‘Hamilton’ holds timely lesson, Clinton says

July 13, 2016

Actor Lin-Manuel Miranda smiles at U.S. Democratic presidential candidate Hillary Clinton after introducing her at the end of a special performance of the broadway musical “Hamilton” in, Manhattan, New York, U.S., July 12, 2016. REUTERS/Adrees Latif

Hillary Clinton’s remarks after “Hamilton” were brief. Perhaps that’s for the best; the power of the show is a hard act to follow.

The musical, about the life of Alexander Hamilton, is the hardest ticket  to get on Broadway now, with resellers charging hundreds of dollars for a single ticket. On Tuesday the show was also the site, at a special showing, of a fundraiser for the presumptive Democratic nominee for the presidency.

“There are lessons for us in this moment,” Clinton said. “It really is true that it matters whose stories are told and heard. And this powerful depiction of an immigrant’s story being told should remind all of us how many tens of millions of stories in our country deserve to be told and heard.”

Lin-Manuel Miranda, the creator and former star of the show, explicitly compared the November 8 general election, in which Clinton is likely to face off against Republican businessman Donald Trump, to his show.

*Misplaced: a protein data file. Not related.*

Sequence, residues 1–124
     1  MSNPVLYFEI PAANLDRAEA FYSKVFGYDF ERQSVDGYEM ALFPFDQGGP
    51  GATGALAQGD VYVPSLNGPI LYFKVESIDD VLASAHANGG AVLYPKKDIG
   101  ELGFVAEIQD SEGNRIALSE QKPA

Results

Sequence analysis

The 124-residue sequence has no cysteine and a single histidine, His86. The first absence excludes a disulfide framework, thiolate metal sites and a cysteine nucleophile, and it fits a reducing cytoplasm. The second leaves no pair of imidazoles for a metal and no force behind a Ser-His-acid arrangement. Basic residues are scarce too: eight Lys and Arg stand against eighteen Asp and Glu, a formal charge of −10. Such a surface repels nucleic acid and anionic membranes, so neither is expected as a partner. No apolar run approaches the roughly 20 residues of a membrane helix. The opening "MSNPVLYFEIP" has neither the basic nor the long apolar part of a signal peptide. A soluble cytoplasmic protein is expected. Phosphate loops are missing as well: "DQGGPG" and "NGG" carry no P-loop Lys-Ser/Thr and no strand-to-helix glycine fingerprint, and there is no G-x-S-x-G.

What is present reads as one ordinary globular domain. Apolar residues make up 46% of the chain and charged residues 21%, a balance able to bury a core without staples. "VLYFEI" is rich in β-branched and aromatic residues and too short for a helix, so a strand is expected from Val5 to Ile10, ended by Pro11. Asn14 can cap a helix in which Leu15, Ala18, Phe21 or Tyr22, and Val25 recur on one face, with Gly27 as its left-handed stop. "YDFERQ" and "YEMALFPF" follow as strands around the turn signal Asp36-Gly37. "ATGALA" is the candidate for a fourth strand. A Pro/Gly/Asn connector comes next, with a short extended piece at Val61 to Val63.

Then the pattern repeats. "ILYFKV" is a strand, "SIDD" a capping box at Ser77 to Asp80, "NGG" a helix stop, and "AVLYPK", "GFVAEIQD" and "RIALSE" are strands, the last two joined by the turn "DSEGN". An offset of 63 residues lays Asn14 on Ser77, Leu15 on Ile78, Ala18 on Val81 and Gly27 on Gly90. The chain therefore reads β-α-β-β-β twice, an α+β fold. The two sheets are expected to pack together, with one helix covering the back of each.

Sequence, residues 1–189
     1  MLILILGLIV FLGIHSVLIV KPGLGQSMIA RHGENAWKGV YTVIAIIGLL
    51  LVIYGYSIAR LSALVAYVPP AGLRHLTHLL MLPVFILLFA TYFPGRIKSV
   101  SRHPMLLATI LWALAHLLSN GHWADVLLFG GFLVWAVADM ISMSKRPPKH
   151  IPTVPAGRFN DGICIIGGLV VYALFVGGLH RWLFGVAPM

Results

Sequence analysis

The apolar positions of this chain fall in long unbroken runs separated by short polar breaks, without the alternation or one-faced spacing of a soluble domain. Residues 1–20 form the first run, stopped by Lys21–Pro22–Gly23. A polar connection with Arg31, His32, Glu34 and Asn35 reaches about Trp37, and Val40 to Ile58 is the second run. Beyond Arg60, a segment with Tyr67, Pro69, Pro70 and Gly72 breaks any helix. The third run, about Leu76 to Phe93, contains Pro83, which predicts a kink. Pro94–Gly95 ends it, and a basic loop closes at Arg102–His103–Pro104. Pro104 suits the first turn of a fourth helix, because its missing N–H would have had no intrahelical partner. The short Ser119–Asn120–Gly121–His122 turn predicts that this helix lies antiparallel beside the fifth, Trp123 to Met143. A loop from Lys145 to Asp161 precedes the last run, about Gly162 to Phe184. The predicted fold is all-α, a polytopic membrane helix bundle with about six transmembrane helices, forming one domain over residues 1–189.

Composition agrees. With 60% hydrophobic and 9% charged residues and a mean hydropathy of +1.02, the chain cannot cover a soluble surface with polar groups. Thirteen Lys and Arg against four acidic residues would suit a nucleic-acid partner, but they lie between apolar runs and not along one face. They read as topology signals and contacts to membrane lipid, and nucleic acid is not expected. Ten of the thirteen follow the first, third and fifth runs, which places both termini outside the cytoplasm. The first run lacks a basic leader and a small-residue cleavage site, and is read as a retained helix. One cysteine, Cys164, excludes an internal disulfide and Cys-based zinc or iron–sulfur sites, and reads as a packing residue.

“This November, the difference could not be more stark,” he said, asking the audience whether voters would opt for the person “who’s channeling your fears” or for the candidate building on hopes – and then introduced Clinton to a standing ovation among a theater packed with donors and supporters.

Clinton arrived at the theater after receiving, in New Hampshire, the endorsement of her erstwhile rival for the Democratic nomination Bernie Sanders, a significant boost as she looks to consolidate support within her own party.

Trump has drawn accusations of racism and misogyny, calling Mexican immigrants rapists and drug dealers, proposing a ban on Muslim immigration and retweeting notorious white supremacists.

But Clinton has had to deal with her own problems, including a scandal over the use of a private email server while she served as secretary of state. The two political parties have their conventions later this month, when their nominees will be formally chosen.

“As (George) Washington tells us (in the show), history’s eyes are on us,” Clinton said.

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